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NBA Jam PlayStation 2

Published by Acclaim
Developed by Acclaim
Released - Out Now
Price : £39.99

A long time ago in the US there was an incredibly popular arcade game called NBA Jam which offered a zany look at basketball. The game arrived on several consoles and was again very popular but then the series lay dormant until Acclaim decided to bring it back to the PlayStation 2 and Xbox. Of course today we have other zany takes on sports such as NBA Street, SEGA Soccer Slam and the Hitz and Blitz series so how does the original madcap sports game compare? This review looks at the PlayStation 2 version of NBA Jam.

Let's begin by taking a look at the gameplay modes that NBA Jam has. Well surprisingly there are only 3, Exhibition, Jam Tournament and Legends Tournament. This limited choice is perhaps the biggest problem with the game. It's either a one-off friendly match or a choice of two tournaments. In case you're wandering the Legends Tournament is a tournament for the teams of yesteryear dating from pre '70s to '90s. The matches are shown in black and white although the special effects that accompany the zany moves are still in colour. There is nothing wrong with the modes on offer, it's just that there isn't enough here when compared to titles such as NBA Street and it's sequel. To add a bit of extra appeal though you can spend the points you earn during play in the Jam Store. Here you will find stacks of unlockable items plus you are also able to create your own players and team, which is always a welcome feature.

When it comes to the gameplay though NBA Jam still has what it takes to remain enjoyable and humorous. The 3 vs. 3 gameplay is fast and action filled. Almost every move can be modified by use of the turbo buttons. The action never gets bogged down and the outrageous dunks never cease to amuse. A hotspot function, that requires a full hotspot meter to use, enables a hotspot to appear on the court and if you shoot from it you'll see some extra special shots that normally aren't possible. This feature was similar to the hotspot that appeared at random in SEGA Soccer Slam, although it's perhaps a better idea that you have to fill a meter to earn a hotspot (by making good moves, tackles etc.) rather than it appearing at random. The only criticism I can make of the gameplay is the seemingly over-reliance on alley-oops. The amount of them in a game is just crazy.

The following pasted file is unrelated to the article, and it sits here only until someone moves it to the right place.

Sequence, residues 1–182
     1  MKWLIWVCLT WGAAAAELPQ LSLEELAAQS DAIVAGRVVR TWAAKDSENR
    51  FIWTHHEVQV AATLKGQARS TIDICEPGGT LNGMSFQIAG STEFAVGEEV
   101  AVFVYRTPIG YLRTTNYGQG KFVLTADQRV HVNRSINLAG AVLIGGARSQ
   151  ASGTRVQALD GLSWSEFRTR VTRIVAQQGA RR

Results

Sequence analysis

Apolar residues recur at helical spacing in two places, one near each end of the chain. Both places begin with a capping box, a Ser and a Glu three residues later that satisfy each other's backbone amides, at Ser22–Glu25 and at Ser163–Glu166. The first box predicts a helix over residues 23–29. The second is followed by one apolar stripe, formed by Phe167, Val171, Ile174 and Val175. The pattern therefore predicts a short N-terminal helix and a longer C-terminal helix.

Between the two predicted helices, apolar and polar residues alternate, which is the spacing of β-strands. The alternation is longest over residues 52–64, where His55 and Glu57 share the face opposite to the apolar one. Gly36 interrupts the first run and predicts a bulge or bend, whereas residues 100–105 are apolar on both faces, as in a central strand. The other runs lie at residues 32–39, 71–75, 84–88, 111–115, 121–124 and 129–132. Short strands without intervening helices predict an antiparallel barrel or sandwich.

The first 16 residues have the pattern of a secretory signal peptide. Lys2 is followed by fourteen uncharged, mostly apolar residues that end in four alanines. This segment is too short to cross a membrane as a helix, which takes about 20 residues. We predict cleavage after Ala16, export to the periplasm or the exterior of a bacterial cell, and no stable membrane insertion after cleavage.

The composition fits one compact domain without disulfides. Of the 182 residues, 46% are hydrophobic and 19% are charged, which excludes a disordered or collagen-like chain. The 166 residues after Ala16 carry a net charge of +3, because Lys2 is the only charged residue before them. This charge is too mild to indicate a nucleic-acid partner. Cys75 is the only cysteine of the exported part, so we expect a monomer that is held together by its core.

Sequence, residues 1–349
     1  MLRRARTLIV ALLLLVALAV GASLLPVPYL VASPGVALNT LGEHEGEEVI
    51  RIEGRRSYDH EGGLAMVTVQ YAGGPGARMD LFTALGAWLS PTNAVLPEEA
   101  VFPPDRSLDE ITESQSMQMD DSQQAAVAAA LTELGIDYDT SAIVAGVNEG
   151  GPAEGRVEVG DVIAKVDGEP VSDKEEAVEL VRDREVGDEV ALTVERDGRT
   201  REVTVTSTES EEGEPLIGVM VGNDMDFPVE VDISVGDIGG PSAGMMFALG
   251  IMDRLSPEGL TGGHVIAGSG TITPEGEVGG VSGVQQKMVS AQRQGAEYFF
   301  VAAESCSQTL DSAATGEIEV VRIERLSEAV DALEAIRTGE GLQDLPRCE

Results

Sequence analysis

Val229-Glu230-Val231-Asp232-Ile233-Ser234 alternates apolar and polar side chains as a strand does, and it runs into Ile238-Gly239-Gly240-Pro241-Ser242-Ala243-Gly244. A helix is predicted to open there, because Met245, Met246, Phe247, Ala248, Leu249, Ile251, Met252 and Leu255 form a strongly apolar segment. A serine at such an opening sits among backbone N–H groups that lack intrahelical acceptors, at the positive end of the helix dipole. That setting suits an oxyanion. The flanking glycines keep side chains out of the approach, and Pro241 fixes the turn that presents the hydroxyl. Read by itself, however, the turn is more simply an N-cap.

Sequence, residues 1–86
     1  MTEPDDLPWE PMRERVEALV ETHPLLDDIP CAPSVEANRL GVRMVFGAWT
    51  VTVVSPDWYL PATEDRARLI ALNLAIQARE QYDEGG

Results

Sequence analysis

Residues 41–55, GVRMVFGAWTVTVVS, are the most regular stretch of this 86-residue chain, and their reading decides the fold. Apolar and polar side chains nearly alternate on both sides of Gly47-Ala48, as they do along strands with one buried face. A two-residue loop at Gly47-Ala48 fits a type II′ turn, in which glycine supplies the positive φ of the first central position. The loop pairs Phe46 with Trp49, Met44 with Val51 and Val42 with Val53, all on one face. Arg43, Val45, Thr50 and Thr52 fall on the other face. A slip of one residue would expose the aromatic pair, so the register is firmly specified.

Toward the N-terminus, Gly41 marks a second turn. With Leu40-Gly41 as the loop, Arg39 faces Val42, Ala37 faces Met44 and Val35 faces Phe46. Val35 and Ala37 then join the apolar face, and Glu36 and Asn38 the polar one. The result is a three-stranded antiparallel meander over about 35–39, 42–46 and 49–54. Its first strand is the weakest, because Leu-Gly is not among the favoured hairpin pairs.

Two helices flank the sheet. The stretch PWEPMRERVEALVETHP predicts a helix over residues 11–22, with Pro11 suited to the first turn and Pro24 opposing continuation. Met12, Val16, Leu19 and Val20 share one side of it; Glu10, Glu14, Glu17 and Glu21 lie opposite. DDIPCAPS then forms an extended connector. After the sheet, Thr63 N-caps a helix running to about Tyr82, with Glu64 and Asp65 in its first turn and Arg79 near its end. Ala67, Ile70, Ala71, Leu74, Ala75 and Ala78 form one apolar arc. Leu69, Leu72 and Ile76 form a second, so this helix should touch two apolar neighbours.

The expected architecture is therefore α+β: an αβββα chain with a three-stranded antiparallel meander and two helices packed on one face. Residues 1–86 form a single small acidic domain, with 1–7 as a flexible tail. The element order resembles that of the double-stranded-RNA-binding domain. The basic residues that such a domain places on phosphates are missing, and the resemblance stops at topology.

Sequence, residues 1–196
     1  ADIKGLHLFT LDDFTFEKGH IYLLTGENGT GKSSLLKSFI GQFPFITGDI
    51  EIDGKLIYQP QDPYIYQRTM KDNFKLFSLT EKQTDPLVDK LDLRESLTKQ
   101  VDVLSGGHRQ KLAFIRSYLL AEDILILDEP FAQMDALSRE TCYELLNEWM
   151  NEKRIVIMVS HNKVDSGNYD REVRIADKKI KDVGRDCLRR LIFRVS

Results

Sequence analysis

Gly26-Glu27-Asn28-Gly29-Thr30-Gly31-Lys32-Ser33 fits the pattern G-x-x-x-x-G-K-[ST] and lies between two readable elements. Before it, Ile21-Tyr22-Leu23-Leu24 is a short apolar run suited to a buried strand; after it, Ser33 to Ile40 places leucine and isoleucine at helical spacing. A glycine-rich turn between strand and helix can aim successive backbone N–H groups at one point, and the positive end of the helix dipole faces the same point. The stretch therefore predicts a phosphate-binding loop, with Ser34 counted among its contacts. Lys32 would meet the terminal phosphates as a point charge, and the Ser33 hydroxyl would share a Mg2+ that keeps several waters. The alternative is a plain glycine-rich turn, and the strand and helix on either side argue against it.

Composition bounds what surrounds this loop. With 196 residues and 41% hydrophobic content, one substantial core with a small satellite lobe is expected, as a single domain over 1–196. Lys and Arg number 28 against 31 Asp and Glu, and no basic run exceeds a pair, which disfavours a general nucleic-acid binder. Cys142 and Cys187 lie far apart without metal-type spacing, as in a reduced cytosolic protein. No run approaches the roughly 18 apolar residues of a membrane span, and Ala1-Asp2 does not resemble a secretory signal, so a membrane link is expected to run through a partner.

Visually NBA looks good and as you would expect the players do look out of the ordinary. The heads, hands and feet of the players are oversized. The courts look quite good and the usual polished floor look is again put to good use. The animations are a bit of a mixed bag though. Whilst all the 'super' moves look outrageous the basic animations of the players are simply OK but could be a lot better. The framerate never wavers though and remains constantly smooth throughout.

Generally speaking the game is fine for deaf gamers. All the information is shown visually or in text. The only information you'll miss out on is commentary, which doesn't affect the gameplay although it can be quite humorous at times and it's a shame that you'll miss out on this aspect of the game. In every other way though the game is fine.

NBA Jam makes a successful return and the PlayStation 2 version is certainly a good addition to the series. The only disappointments come in the limited amount of gameplay modes. Compared to other titles of this nature, and indeed to most other sports titles that have been released over the last few years, the game doesn't offer a lot of variety. Still if you long for that NBA Jam experience then you'll be pleased with what's on offer here.

Overall Game Rating: 7.4/10
Still an enjoyable game but could do with a greater range of gameplay modes to add substance to the the game.

Deaf Gamers comment:
The humorous commentary isn't subtitled but otherwise there are no problems.